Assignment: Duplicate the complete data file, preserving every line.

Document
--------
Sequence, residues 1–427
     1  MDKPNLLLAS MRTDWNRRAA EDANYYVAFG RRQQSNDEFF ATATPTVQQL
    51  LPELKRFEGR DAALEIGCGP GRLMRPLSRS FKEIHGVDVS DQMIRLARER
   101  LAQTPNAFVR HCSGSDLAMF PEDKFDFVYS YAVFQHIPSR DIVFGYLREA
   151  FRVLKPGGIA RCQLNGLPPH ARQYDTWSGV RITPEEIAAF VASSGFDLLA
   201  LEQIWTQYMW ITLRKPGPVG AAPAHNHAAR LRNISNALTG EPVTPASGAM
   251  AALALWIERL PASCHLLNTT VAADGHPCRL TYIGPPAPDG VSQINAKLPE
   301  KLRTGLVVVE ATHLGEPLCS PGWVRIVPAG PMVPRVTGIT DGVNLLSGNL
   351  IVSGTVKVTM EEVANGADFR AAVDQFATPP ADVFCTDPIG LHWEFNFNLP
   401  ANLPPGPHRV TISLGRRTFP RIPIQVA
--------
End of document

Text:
Sequence, residues 1–427
     1  MDKPNLLLAS MRTDWNRRAA EDANYYVAFG RRQQSNDEFF ATATPTVQQL
    51  LPELKRFEGR DAALEIGCGP GRLMRPLSRS FKEIHGVDVS DQMIRLARER
   101  LAQTPNAFVR HCSGSDLAMF PEDKFDFVYS YAVFQHIPSR DIVFGYLREA
   151  FRVLKPGGIA RCQLNGLPPH ARQYDTWSGV RITPEEIAAF VASSGFDLLA
   201  LEQIWTQYMW ITLRKPGPVG AAPAHNHAAR LRNISNALTG EPVTPASGAM
   251  AALALWIERL PASCHLLNTT VAADGHPCRL TYIGPPAPDG VSQINAKLPE
   301  KLRTGLVVVE ATHLGEPLCS PGWVRIVPAG PMVPRVTGIT DGVNLLSGNL
   351  IVSGTVKVTM EEVANGADFR AAVDQFATPP ADVFCTDPIG LHWEFNFNLP
   401  ANLPPGPHRV TISLGRRTFP RIPIQVA